Debra Goldberg corrects the mis information put forward by the pro Instant runoff voting op/ed published in the August 14, the Asheville Citizen Times . John Hudson, an election official from Transylvania County, wrote Don’t be misled; N.C. has one of the best election systems in the country . Mr. Hudson, Chairman of the Transylvania Board of Elections had vigorously defended IRV, highly praised "cutting edge" voting machines which he wrongly credits with improving our elections, and attempted to discredit me and my writeup Instant runoff voting will only complicate things published on Wed Jul 2, 2008 also in the Asheville Citizen Times.
Debra Goldberg • published August 27, 2008
I was a Board of Elections official in Wake County during the Instant Runoff Voting (IRV) pilot in Cary in October 2007. As one of only three officials in North Carolina to have administered an IRV runoff, I can tell you that John R. Hudson Jr.’s guest commentary, “Don’t be misled; N.C. has one of the best election systems in the country,” (AC-T, Aug. 14), contained incorrect claims about instant runoff voting in North Carolina and improperly discredited statements made by voting integrity activist Joyce McCloy.
Hudson states that the voting machines handled IRV well “in the two elections in which it was used.” Untrue — no machines have been used for counting instant runoff votes in North Carolina and cannot be used because no certified software exists that can count IRV votes. Furthermore, the Hendersonville election did not trigger an instant runoff. In Cary, in which one race triggered an instant runoff, the IRV votes were counted by hand. N.C. Board of Elections Voting Systems Manager Keith Long verified in writing that, “The EAC has not approved any software. There is no software available for the ES&S equipment to count IRV voting!” ES&S is the only voting machine manufacturer certified in North Carolina.
The Cary election was only about 3,000 votes, yet the process was labor-intensive, difficult to monitor and observe and resulted in incorrect vote counts. The discrepancies were reconciled using hand recounting, done by staff members after the official count. These errors were not, as Hudson states, “easily spotted and quickly corrected.” I can’t imagine the onerous amount of time, resources, space and personnel that might be needed were we to hold an IRV election of any significant size, nor the numerous and potentially irreconcilable discrepancies a large IRV runoff would likely cause.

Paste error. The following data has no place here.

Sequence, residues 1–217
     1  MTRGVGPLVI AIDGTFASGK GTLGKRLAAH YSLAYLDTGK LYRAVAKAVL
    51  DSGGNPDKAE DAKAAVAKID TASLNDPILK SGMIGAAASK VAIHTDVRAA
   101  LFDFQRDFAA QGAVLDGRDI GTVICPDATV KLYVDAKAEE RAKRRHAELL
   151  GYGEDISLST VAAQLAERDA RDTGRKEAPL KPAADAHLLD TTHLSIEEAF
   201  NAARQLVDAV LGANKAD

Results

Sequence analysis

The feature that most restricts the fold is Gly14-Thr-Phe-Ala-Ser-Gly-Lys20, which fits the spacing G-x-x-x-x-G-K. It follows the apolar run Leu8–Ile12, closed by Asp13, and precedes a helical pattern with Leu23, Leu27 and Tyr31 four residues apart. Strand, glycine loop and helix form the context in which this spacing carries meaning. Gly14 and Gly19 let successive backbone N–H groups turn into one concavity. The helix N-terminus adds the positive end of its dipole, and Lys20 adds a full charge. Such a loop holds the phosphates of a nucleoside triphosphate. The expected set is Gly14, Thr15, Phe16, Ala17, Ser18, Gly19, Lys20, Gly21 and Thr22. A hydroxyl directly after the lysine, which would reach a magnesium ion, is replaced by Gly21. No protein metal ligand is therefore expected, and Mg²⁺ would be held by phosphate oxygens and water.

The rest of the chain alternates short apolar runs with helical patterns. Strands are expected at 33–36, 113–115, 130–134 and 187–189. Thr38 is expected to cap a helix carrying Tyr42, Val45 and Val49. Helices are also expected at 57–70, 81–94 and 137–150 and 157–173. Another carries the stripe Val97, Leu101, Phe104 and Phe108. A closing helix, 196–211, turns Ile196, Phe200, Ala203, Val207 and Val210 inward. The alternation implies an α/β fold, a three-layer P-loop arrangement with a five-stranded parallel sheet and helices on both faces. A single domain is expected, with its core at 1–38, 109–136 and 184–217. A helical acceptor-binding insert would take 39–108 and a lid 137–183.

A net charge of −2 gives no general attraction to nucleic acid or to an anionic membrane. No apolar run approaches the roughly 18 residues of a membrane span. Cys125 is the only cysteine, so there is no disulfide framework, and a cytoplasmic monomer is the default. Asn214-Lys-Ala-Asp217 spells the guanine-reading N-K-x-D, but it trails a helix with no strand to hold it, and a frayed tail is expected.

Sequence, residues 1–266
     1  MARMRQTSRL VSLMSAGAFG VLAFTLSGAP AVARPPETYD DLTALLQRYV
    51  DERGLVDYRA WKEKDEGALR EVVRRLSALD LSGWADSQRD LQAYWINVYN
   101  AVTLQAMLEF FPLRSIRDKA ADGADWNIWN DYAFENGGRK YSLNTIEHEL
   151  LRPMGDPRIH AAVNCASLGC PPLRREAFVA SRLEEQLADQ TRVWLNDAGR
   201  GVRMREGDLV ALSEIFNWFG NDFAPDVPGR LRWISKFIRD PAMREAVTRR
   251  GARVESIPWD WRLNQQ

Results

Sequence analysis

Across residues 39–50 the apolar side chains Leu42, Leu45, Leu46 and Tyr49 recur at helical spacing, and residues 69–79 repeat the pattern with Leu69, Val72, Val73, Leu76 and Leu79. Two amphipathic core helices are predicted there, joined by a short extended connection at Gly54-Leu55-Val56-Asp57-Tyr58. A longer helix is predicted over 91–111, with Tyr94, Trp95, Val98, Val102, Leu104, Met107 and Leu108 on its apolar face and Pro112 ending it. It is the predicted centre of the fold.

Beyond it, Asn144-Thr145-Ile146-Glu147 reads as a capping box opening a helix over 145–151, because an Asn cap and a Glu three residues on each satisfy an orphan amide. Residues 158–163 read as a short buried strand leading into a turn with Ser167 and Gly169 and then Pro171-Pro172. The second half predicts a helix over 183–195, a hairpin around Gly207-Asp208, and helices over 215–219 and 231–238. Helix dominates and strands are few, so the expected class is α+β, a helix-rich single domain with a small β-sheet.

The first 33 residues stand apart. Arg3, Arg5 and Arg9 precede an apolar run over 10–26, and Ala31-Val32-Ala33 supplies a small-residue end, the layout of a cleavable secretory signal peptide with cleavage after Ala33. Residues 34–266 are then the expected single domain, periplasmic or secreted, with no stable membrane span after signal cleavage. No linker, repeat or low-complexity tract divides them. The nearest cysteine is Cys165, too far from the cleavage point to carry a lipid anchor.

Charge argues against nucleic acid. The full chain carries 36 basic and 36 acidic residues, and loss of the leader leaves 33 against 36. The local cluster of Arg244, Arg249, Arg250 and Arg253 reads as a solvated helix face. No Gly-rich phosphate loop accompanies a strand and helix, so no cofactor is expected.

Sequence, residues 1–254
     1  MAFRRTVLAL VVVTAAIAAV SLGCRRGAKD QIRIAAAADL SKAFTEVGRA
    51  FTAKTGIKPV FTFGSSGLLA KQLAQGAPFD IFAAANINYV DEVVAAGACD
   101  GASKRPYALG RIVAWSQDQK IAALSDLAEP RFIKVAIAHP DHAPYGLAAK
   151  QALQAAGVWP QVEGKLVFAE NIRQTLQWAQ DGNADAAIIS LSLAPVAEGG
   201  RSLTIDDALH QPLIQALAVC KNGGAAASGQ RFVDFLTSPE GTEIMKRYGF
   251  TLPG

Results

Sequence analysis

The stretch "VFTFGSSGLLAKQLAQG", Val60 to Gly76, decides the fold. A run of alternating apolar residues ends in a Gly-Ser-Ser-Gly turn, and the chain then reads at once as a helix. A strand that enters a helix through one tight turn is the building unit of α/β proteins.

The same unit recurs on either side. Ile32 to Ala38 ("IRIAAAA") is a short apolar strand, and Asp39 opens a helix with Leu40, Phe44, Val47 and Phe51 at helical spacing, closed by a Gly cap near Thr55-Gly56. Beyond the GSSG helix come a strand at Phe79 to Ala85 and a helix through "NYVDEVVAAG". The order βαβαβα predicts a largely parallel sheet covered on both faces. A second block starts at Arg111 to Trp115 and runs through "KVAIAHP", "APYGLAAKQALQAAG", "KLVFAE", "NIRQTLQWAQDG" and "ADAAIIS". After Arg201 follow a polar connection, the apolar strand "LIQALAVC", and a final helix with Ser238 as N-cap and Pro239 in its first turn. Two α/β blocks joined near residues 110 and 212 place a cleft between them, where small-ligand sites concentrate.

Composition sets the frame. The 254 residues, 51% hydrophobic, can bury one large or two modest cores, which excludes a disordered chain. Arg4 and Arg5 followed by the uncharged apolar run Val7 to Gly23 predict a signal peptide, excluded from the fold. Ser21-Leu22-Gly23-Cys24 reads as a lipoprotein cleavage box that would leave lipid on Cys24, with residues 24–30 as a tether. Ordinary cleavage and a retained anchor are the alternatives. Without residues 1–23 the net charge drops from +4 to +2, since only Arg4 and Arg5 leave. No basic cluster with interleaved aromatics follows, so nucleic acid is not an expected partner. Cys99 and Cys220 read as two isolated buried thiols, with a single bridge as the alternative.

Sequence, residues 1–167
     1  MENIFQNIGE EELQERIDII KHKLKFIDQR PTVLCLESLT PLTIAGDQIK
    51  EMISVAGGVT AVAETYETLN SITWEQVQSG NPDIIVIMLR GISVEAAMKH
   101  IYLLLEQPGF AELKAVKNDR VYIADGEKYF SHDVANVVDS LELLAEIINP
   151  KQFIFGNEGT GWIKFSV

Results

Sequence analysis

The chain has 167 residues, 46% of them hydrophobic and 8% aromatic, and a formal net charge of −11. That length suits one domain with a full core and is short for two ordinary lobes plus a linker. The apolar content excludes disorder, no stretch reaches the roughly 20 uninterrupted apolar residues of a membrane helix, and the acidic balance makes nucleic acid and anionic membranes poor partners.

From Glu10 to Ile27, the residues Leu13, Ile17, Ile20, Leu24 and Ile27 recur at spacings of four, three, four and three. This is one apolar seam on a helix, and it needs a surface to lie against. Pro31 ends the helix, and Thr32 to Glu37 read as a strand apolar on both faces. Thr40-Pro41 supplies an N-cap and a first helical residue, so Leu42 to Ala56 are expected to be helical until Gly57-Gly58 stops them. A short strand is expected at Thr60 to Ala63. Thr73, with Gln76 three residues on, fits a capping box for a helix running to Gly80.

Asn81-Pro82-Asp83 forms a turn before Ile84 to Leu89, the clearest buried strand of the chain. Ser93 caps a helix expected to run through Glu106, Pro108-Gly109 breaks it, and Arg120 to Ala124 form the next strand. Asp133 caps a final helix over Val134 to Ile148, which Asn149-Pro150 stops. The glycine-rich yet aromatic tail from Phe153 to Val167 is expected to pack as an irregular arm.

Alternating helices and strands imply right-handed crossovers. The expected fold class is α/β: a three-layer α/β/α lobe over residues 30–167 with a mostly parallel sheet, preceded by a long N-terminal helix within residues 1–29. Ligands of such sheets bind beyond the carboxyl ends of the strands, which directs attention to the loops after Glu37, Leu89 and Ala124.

Hudson states, “North Carolina is known nationwide as one of the foremost election systems in the country” and attributes this to “being innovative, using cutting-edge equipment and thoroughly training our election staff and boards…”. I agree that N.C. is exemplary in many ways as it pertains to voting. I disagree as to the reasons. Cutting-edge equipment does not make for the best elections and creates opportunities for compromising voting integrity. This concern led Joyce McCloy and many other citizen activists to lobby the legislature to pass our voter integrity laws. As a result, N.C. now requires that every vote have a paper trail, in clear recognition of the fallibility and vulnerability of “cutting- edge equipment” used in voting.
Strong evidence refutes claims such as Hudson’s that “Voters in the two counties who had IRV in their city elections were overwhelmingly happy with it and had no trouble understanding it.” In the Cary IRV pilot, I can tell you that many voters left their backup choices blank, and that many other voters wrote in backup candidates with names such as “Mickey Mouse” and “Donald Duck.” This is direct evidence that many voters did not understand or accept IRV. Candidates involved in the IRV pilot in Cary have voiced doubts about the process.
Integrity of the process
Although many people, including some election officials, seem eager to embrace IRV, and some have been zealously vocal in their support of IRV, it is important to recognize that these same people often ignore and misconstrue the facts which are most important to those of us who are concerned, above all, with the integrity of each and every vote and with the confidence of all voters that their votes are counted fairly and accurately. It is important, when assessing the IRV issue to recognize these key points:
1. We cannot reasonably count IRV until we have certified software. Hand counting, as we must do now, consumes many man-hours and resources, and is error-prone.
2. The push to computerize IRV will surely result in pressure to weaken our exemplary certification requirements and standards.
3. There is no proof that IRV saves money. The costs for necessary machinery and software, increased voter assistance and voter education and other associated costs would, likely, negate cost savings from elimination of runoffs.
4. IRV violates a basic principle when dealing with masses of people — KISS — Keep It Simple … We should resist IRV until straightforward, verifiable, reliable, auditable, certified systems are available to count IRV votes. Only then should we perform pilots while making sure that they are well documented and carefully evaluated.
To responsibly address the issue of costly runoffs, let’s use our North Carolina “innovation” to come up with safe, trustworthy alternatives to IRV. North Carolina voters deserve the most accurate and reliable voting system available, without compromise, for any reason.
Debra D. Goldberg is a former member of the Wake County Board of Elections.
She lives in Raleigh--